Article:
Res: [tied] swallow vs. nighingale

From: Joao S. Lopes
Message: 50383
Date: 2007-10-20

Perhaps luscioniolus was affected by russus "red, purple", giving *russiniolus.

luscinia < *lus-can-ia < *luks-kan-ia ? or dissimilated from *nokts-kan-ia, parallel to *naxtigalan ?

----- Mensagem original ----
De: tonsls <ton.sales@...>
Enviadas: Sábado, 20 de Outubro de 2007 8:51:59
Assunto: Re: [tied] swallow vs. nighingale

--- In cybalist@..., Piotr Gasiorowski <gpiotr@...> wrote:
> [ . . . ] words derived from *gHal- often
> refer to magical incantations in Germanic
> [. . . ] This sense, possibly, is what we find in *naxti-Galan-
> (*-gHal-on-) , given the inadvertent yet strong effect of the
> nightingale' s song on the human brain.
> Piotr

A similar thing might have happened in Latin. The Romance names for
the nightingale are French rossignol, Occitan rossinhol, Catalan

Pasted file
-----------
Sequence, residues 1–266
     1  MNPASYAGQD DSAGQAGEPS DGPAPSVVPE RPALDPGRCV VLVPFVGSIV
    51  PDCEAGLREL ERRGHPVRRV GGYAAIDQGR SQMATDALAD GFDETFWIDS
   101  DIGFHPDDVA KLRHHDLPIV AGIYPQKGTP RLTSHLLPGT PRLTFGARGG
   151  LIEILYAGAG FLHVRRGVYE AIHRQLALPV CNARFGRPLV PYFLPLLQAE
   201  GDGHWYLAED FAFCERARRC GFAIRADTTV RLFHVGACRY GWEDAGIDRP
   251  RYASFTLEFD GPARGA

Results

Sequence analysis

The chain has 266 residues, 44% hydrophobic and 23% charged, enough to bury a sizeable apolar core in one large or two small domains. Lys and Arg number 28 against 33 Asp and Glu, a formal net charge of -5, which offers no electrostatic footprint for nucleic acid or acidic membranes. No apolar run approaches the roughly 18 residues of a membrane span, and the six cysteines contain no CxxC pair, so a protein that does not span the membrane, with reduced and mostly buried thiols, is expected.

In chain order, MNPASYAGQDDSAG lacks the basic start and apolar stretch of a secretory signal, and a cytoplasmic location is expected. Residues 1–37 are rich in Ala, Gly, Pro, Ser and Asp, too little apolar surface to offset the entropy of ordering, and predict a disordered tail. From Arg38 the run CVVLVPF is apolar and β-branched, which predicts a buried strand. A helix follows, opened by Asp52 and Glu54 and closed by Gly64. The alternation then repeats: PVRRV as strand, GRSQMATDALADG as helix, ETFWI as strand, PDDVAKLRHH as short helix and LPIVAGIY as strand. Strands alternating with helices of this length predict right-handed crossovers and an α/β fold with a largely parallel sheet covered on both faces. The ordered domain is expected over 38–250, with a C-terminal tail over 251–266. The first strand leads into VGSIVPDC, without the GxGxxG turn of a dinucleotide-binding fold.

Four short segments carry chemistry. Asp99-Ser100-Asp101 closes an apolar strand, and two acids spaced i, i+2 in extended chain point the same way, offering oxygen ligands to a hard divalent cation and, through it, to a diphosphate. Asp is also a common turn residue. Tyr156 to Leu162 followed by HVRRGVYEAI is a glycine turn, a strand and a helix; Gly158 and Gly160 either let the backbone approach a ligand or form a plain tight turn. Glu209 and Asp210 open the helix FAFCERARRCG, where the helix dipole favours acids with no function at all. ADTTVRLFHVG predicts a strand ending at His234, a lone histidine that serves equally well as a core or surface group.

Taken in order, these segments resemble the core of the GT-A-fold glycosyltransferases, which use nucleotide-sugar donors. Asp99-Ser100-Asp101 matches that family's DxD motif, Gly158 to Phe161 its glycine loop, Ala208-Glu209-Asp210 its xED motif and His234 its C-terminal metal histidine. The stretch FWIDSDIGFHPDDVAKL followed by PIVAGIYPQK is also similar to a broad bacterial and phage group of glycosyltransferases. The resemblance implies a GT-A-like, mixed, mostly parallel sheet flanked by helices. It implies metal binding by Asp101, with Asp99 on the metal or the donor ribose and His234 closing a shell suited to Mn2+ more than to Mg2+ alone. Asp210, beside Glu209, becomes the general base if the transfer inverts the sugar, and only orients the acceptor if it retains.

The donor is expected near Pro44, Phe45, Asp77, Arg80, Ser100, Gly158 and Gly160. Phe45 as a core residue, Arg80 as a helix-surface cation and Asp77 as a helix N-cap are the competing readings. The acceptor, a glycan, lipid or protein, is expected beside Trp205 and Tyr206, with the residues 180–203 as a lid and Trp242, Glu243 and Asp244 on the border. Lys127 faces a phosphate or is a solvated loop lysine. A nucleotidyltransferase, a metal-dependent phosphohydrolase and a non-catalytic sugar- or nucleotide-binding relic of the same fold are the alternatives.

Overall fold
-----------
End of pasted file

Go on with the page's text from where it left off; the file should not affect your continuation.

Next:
rossinyol (three different spellings for basically the same word) and
It. rusignolo (but not Spanish ruiseñor, which is a loan from Occitan
plus folk-etymology) . They all derive from popular Latin *lusciniolus,
from Latin luscinius (and/or luscinia, in an ambiguity about gender
akin to the one signaled by Piotr for OE). In luscinius the -cin-
segment, i.e. the unstressed version of can- = sing, is readily
detectable. So, apparently, both Roman and Germanic names simply
stressed the bird's singing (or human brain-effect) feature.

Ton Sales

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